Sunday, February 01, 2004

The Beat Goes On

I have managed to get through a good portion of my life without reading any Beat literature. Until now. I am in a casual book group with my Bookman and two other friends. We take turns making suggestions for reading and then get together at a coffee shop when we are all finished reading the book. At our last meeting in early December, T wanted to read On the Road by Jack Kerouac. For lack of any other proposals we all agreed. I checked the book out from my public library and dutifully started reading. The book has a good introduction in it talking about the Beats and Kerouac and how he wrote the book. That was all interesting. I don't agree with the Beats and their drugged out lives. I don't believe that you need to be stoned in order to achieve a different level of consciousness or world view. Knowing that Kerouac wrote On the Road in a three-week frenzy of benzedrine and who knows what else, I admit I was prejudiced from the get-go. Still, I was willing to give the book a chance. I finished the book last night and have thought about it and my final determination is that I didn't like it much. To me it was just one long rushing from here to there and back again. In fact, the book made me feel sad and I don't think I was supposed to feel sad. I felt sad about the women who attached themselves to these men who couldn't or wouldn't be faithful to them. I felt sad for the men and their running away because that's what it seemed like to me, that they were always running away. About two-thirds through the book Sal, the narrator, is walking the streets of Denver, he buys a container of hot chili from a street vender and walks and eats and muses:

I wished I were a Denver Mexican, or even a poor overworked Jap, anything but what I was so drearily a "white man" disillusioned. All my life I'd had ambitions; that was why I'd abandoned a good woman like Terry in the San Joaquin Valley....I was only myself, Sal Paradise, sad, strolling in this violet dark, this unbearably sweet night, wishing I could exchange worlds with the happy, true-hearted, ecstatic Negroes of America.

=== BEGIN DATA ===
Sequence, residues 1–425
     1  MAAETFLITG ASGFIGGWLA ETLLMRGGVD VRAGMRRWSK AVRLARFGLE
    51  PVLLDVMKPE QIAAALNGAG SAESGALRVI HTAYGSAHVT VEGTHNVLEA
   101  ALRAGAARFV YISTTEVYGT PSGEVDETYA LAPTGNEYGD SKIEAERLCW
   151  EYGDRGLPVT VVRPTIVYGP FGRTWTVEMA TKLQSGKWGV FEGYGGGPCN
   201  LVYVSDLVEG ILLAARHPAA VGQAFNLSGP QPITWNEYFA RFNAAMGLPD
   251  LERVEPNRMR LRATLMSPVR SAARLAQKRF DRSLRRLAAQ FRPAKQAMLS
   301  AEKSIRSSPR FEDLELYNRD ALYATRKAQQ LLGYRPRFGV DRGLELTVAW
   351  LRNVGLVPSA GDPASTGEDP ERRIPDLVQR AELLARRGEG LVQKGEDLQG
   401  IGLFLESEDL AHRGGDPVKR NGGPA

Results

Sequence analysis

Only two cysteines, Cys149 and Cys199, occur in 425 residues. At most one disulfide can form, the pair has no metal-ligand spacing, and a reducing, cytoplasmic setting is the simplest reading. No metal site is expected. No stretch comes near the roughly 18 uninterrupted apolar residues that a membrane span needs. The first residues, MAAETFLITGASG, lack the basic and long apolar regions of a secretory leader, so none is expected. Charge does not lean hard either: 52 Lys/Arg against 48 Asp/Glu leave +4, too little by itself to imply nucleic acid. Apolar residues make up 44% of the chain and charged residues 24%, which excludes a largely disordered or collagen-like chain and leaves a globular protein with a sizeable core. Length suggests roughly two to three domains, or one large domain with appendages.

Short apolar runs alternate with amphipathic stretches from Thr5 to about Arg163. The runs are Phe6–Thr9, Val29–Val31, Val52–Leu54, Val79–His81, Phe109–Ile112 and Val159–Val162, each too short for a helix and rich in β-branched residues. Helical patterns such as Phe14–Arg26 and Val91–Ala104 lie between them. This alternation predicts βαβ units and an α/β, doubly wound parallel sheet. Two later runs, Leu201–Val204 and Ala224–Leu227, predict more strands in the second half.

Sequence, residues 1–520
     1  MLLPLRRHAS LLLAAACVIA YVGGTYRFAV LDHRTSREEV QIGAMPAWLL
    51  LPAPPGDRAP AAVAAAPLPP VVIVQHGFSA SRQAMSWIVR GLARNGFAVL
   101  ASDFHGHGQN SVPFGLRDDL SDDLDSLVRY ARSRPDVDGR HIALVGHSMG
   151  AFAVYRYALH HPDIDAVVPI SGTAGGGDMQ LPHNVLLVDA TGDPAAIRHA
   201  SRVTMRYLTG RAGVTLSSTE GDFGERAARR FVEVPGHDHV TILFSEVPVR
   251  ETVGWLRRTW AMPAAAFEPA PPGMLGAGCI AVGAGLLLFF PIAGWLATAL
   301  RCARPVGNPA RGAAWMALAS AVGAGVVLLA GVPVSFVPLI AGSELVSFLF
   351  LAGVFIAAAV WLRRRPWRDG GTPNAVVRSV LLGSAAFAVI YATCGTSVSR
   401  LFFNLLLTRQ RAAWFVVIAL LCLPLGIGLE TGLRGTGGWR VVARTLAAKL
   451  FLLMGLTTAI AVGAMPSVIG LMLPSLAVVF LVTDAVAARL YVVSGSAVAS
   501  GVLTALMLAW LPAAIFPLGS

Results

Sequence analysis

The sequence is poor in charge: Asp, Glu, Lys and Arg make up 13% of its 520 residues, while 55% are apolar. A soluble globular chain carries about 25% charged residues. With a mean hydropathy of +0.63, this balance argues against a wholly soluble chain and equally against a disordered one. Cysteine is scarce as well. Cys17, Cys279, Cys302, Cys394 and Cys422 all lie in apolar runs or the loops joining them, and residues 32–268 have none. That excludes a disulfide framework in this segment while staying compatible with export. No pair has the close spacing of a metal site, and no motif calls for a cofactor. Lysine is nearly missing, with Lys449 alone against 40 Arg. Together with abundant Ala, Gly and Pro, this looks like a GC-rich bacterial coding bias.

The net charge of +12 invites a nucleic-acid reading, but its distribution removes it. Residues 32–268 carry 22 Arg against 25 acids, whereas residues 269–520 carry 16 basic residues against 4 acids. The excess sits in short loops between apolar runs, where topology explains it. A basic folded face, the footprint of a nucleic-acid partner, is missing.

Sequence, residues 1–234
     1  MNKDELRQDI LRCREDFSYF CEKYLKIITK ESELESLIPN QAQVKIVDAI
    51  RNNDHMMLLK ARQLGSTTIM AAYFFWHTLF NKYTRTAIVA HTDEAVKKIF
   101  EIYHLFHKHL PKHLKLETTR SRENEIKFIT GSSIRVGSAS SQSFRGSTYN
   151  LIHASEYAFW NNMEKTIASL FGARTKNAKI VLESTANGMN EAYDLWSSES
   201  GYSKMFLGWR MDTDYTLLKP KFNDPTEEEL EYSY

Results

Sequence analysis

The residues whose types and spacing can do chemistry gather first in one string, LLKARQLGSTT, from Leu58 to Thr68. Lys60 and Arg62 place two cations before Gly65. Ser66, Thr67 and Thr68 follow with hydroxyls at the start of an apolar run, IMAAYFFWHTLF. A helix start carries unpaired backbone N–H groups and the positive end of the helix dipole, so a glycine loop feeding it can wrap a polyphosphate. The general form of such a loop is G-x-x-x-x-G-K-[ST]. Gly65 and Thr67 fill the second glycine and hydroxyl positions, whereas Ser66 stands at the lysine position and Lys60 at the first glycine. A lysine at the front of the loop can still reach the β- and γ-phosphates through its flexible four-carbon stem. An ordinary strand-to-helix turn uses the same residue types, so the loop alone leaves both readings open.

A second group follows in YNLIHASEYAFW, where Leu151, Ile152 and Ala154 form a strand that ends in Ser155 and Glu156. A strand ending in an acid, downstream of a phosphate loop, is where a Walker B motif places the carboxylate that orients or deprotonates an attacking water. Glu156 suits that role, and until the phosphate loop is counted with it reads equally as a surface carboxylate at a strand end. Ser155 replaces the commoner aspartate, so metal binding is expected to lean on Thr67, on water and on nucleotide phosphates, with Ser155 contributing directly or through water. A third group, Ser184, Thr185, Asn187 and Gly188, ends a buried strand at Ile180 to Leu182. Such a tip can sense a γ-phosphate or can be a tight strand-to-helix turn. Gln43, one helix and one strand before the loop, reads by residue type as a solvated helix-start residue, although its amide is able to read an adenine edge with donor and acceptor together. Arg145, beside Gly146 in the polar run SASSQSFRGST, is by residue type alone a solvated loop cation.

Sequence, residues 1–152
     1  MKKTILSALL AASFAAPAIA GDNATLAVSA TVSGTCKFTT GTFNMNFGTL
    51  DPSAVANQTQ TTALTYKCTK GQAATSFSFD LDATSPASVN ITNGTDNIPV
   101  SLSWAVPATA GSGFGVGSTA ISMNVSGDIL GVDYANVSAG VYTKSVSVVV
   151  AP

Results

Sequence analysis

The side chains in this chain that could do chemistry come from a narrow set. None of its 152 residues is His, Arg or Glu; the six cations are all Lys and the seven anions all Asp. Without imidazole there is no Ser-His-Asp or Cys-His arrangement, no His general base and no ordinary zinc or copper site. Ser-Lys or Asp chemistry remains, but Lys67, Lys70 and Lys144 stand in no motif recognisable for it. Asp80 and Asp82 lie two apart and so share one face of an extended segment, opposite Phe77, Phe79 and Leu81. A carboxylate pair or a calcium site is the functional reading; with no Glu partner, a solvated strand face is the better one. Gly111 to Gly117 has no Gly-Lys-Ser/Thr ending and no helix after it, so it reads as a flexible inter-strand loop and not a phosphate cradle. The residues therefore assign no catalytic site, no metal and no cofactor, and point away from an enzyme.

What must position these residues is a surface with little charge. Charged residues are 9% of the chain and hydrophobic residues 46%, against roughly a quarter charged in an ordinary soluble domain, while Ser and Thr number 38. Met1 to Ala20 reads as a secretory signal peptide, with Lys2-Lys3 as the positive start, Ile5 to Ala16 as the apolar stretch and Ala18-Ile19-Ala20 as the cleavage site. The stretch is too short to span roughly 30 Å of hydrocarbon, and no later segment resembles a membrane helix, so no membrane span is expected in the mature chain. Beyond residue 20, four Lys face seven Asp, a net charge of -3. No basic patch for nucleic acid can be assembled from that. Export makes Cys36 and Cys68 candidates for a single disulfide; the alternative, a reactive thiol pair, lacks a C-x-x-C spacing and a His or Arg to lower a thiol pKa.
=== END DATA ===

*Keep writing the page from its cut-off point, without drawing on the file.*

This passage bothered me on so many levels. And it raises the question, can an author with a racist passage like this be faulted for it, or must he be given lenience for not rising above the prevailing culture of his time? I'm not sure I have an answer for that. Occasionally there would be a beautiful sentence or passage in the rush of people and places. I think some of the best passages were ones about jazz:
The behatted tenorman was blowing at the peak of a wonderfully satisfactory free idea, a rising and falling riff that went from "EE-yah!" to a crazier "EE-de-lee-yah!" and blasted along to the rolling crash of butt-sacrred drums hammered by a big brutal Negro with a bullneck who didn't give a damn about anything but punishing his busted tubs, crash, rattle-ti-boom, crash. Uproars of music and the tenorman had it and everybody knew he had it. Dean was clutching his head in the crowd, and it was a mad crowd. They were all urging that tenorman to hold it and keep it with cries and wild eyes, and he was raising himself from a crouch and going down again with his horn, looping it up in a clear cry above the furor.
These few and far between beautiful words weren't enough to redeem the book for me. I can understand why the book is considered a classic, nothing like it had been written before. And according to the introduction, the book captures a time and generation. But does that automatically make the book a literary classic or simply an historical and cultural landmark?